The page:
DUBAI (Reuters) - Hundreds of people have backed a Facebook campaign calling for a “day of rage” across Saudi Arabia next month to demand an elected ruler, greater freedom for women and release of political prisoners.
The page called for a “revolution of yearning” on March 11 in the kingdom, the world’s biggest oil exporter and which is ruled by an absolute monarchy.
More than 460 people had endorsed the page by Wednesday morning, but it was impossible to verify how many of them were inside Saudi Arabia or whether any protest would materialize.
Arab uprisings which overthrew leaders in Tunisia and Egypt were mobilized by youths using social media, but activists in Saudi Arabia say a recent Internet call for a demonstration in Riyadh failed to bring anyone onto the streets.
A protest last month in Jeddah after floods swept through Saudi Arabia’s second-biggest city was quickly broken up.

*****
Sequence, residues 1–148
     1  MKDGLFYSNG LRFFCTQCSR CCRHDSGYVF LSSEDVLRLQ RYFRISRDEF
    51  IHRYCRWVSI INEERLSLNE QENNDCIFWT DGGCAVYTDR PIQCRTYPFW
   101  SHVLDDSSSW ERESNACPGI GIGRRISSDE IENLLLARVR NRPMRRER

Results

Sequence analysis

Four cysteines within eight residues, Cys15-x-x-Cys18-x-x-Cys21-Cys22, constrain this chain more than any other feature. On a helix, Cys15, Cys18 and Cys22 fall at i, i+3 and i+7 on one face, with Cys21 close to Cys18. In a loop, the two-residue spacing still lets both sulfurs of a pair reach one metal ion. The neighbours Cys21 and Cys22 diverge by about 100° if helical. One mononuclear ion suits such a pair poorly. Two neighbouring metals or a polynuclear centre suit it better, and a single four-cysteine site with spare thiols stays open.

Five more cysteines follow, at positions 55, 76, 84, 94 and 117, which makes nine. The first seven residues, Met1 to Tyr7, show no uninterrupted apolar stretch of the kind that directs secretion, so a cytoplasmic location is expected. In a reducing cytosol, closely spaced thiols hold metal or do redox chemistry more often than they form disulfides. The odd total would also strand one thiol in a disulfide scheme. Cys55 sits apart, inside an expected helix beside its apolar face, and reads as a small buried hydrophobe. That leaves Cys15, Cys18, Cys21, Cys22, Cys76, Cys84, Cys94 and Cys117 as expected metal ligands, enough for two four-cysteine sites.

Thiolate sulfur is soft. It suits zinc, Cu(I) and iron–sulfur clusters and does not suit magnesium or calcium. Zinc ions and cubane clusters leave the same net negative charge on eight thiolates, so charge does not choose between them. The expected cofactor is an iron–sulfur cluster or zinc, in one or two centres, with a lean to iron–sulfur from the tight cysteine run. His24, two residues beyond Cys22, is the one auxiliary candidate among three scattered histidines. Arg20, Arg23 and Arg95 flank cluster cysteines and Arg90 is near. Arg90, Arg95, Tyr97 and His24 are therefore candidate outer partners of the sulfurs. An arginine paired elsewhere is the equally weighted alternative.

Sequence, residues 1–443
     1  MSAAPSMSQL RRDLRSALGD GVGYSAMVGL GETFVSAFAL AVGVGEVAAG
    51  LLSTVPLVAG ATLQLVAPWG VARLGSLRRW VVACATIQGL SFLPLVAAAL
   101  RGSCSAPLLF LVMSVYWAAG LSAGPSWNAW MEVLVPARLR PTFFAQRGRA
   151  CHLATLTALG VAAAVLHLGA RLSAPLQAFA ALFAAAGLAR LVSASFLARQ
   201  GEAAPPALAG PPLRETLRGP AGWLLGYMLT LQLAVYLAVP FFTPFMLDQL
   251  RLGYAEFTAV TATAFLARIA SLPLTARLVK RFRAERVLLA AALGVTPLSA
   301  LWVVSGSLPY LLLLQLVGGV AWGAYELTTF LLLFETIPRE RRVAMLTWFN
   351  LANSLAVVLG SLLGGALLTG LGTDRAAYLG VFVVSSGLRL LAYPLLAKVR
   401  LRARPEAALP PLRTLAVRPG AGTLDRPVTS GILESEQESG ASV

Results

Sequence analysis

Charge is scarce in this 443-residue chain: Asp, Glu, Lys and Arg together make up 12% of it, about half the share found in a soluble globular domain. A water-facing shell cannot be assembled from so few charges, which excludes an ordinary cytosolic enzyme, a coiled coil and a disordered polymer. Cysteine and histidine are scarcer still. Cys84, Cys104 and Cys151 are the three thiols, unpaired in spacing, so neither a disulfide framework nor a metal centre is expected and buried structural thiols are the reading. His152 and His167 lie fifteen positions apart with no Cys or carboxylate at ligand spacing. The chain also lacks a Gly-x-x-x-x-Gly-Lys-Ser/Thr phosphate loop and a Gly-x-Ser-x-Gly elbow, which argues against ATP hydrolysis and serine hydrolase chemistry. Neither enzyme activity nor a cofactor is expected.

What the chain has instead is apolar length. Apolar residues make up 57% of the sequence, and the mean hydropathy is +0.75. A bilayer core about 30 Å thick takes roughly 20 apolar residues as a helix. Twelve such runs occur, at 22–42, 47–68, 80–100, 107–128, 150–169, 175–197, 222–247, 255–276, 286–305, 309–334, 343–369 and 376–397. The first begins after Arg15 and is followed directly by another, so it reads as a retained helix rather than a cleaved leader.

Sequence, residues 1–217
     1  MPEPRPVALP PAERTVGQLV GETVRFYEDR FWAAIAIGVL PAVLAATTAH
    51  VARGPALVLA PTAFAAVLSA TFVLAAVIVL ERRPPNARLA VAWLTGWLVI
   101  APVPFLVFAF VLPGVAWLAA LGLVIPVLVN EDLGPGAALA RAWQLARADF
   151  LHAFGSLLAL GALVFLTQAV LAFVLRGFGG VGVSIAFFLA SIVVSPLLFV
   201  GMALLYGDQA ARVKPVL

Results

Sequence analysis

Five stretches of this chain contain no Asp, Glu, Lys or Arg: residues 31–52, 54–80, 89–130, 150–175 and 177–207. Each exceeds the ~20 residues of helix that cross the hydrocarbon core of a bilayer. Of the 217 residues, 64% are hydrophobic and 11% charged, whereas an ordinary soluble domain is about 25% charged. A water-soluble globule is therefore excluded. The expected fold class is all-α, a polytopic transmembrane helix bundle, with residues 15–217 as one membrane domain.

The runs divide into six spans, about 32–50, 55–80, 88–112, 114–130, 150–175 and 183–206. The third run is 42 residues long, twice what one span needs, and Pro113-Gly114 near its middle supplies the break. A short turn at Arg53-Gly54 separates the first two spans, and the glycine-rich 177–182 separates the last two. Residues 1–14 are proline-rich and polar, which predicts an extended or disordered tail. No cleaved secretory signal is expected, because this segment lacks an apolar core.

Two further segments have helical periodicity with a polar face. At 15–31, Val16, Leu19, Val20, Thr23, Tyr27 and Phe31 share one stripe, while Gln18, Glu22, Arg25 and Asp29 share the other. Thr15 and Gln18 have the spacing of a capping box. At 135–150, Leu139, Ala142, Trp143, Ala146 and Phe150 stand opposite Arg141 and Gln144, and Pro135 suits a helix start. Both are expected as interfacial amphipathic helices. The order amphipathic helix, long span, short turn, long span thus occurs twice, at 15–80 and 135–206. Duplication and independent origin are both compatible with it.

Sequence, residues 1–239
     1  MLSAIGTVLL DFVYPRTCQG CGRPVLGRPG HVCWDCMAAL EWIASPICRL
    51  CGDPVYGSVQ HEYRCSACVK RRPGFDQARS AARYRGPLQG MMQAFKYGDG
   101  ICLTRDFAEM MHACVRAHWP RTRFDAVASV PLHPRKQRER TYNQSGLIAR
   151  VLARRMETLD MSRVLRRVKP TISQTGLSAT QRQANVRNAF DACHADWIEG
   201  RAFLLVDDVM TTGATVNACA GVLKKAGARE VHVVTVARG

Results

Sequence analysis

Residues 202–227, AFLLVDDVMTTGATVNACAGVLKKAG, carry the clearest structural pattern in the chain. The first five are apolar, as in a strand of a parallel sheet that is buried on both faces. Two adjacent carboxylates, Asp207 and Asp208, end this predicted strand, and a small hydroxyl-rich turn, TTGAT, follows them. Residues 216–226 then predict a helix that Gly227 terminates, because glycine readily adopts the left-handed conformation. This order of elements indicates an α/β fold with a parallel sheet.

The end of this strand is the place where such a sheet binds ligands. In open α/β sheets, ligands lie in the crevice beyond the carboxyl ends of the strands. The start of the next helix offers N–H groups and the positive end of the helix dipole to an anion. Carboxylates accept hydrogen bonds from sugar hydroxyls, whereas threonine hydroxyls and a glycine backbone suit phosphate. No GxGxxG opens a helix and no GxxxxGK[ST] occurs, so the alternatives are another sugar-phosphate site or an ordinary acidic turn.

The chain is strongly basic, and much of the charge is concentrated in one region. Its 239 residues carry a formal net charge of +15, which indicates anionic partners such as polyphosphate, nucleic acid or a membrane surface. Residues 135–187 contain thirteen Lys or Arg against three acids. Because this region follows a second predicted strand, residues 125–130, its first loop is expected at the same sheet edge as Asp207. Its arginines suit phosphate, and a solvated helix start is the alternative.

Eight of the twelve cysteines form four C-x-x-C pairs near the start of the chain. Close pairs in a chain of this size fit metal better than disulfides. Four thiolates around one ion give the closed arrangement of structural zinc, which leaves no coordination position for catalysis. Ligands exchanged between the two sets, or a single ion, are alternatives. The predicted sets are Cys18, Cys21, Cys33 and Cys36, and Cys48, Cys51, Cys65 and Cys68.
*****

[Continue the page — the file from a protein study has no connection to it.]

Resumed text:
The demands included “that the ruler and members of the Shura (Consultative) Council be elected by the people” as well as calls for an independent judiciary, release of political prisoners and the right of freedom of expression and assembly.
They also sought a minimum wage of 10,000 riyals ($2,700), greater employment opportunities, establishing a watchdog to eliminate corruption and cancellation of “unjustified taxes and fees.”
Other requests included rebuilding the armed forces, reforming Saudi Arabia’s powerful and conservative Sunni Muslim clerics, and “the abolition of all illegal restrictions on women” in the kingdom.
Despite its oil wealth, Saudi Arabia is grappling with unemployment that hit 10.5 percent in 2009. It offers its 18 million nationals social benefits but they are considered less generous than those provided by other Gulf Arab oil producers.
Saudi state television said King Abdullah, returning home on Wednesday after months of absence for medical treatment, would grant benefits to Saudis worth billions of riyals.
The measures did not include political reforms in the absolute monarchy such as fresh municipal elections demanded by liberals or opposition groups. The kingdom has no elected parliament and does not tolerate public dissent.
Reporting by Dominic Evans; Editing by David Stamp